Next, look for opportunities in your community: Are there undervalued businesses in your area that you’d be able to help? Are there events that might bring commerce to your city or town that you could help bring to fruition? Are there resources or products that aren’t available or that need to be brought to the area? These are all ways to find opportunities in your community.

Keep an eye on industry news: What are the current trends in your industry? What are people talking about? What are they struggling with? What do they need? What can you provide?

Use your favorite search engine: Google is your best friend. If you’re interested in flipping a particular type of business, use Google to find opportunities in your area.


Assessing the current state

Once you’ve found an opportunity that you think is worth your time, it’s time to assess the current state of the business. How well is it doing? How much revenue is it generating? How much profit is it making? How much cash is it bringing in? What are its biggest challenges? What’s its biggest opportunity?

Depending on the business you’re looking at, you may have access to some of this information or have to do some digging and get creative. Early in this process, you may decide that the business isn’t worth your investment. That’s normal – and you’ll want to ensure you don’t waste too much time on a bad investment. What’s important is knowing how to tell if a business is worth your while before investing in it.


Determine your investment strategy

Now that you know what you’re getting into, it’s time to determine your investment strategy.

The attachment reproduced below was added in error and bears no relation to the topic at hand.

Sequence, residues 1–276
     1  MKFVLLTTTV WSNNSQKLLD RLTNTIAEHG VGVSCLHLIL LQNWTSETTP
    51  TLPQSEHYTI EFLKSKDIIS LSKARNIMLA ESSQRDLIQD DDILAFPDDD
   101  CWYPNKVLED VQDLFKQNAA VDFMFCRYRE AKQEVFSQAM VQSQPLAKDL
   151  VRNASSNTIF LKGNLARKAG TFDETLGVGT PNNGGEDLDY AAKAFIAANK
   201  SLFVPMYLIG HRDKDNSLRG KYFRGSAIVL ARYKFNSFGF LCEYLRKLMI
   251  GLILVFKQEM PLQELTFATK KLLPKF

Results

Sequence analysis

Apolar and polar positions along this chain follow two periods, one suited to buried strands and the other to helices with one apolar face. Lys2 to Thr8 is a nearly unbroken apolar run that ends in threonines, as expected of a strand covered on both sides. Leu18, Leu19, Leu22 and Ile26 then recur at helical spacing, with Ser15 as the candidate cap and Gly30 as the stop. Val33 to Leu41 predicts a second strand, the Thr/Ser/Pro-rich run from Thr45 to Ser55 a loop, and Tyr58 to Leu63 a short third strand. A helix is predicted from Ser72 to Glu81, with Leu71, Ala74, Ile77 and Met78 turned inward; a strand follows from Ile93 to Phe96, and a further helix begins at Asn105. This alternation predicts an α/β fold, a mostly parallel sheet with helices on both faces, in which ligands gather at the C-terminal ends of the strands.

How much are you going to pay for the business? How are you going to finance your investment? What are your exit strategies? What’s your timeline for getting the company up and running? Will you partner with someone or hire a manager? You may decide that the business is worth investing in, but you should also consider the resale value. What do comparable businesses sell for? How long is the typical business in this industry expected to survive?

Are there similar businesses that are more profitable or are more likely to last? These are all things you should take into consideration before investing.


Going live and helping with the transition

Once you’ve identified the right opportunity, found the right business, and determined your investment strategy, it’s time to go live and help with the transition. What does that look like? It depends on the business you’ve bought into and on your deal with the owner. In some cases, you’ll be able to take the business over right away with an existing client base. In others, you’ll want to help the current owner finish out their contract.

While helping with the transition, you’ll need to keep an eye on your exit strategy. How much time do you have to get the business up and running? When should you exit the business? What are your expectations for the company, and how long will it take to meet them? These are all questions you’ll need to clarify as you transition into the new business.


Final Words

Flipping a business can be a great way to bring in a steady income and use your skills and resources to help others succeed. But it takes work to find the right opportunity, and ensuring it’s worth your time and money takes work. However, when you find the right opportunity at the right price, flipping a business can be highly lucrative and a great way to positively impact your community.